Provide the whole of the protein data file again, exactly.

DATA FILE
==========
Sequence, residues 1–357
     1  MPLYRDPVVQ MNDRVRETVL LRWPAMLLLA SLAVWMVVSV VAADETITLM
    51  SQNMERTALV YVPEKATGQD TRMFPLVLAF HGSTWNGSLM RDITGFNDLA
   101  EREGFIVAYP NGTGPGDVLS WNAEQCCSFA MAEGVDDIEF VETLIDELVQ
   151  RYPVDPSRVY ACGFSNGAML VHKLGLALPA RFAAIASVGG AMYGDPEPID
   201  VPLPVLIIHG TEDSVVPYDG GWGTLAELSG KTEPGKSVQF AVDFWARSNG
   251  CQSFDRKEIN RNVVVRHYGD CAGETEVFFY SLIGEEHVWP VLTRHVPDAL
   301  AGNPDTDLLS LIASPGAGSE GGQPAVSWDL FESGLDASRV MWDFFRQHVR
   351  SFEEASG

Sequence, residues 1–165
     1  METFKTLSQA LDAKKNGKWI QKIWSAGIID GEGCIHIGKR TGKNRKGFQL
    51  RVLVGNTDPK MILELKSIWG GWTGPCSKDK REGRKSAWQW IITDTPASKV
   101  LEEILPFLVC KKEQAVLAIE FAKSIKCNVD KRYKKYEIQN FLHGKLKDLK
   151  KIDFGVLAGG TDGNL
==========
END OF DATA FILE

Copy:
Sequence, residues 1–357
     1  MPLYRDPVVQ MNDRVRETVL LRWPAMLLLA SLAVWMVVSV VAADETITLM
    51  SQNMERTALV YVPEKATGQD TRMFPLVLAF HGSTWNGSLM RDITGFNDLA
   101  EREGFIVAYP NGTGPGDVLS WNAEQCCSFA MAEGVDDIEF VETLIDELVQ
   151  RYPVDPSRVY ACGFSNGAML VHKLGLALPA RFAAIASVGG AMYGDPEPID
   201  VPLPVLIIHG TEDSVVPYDG GWGTLAELSG KTEPGKSVQF AVDFWARSNG
   251  CQSFDRKEIN RNVVVRHYGD CAGETEVFFY SLIGEEHVWP VLTRHVPDAL
   301  AGNPDTDLLS LIASPGAGSE GGQPAVSWDL FESGLDASRV MWDFFRQHVR
   351  SFEEASG

Sequence, residues 1–165
     1  METFKTLSQA LDAKKNGKWI QKIWSAGIID GEGCIHIGKR TGKNRKGFQL
    51  RVLVGNTDPK MILELKSIWG GWTGPCSKDK REGRKSAWQW IITDTPASKV
   101  LEEILPFLVC KKEQAVLAIE FAKSIKCNVD KRYKKYEIQN FLHGKLKDLK
   151  KIDFGVLAGG TDGNL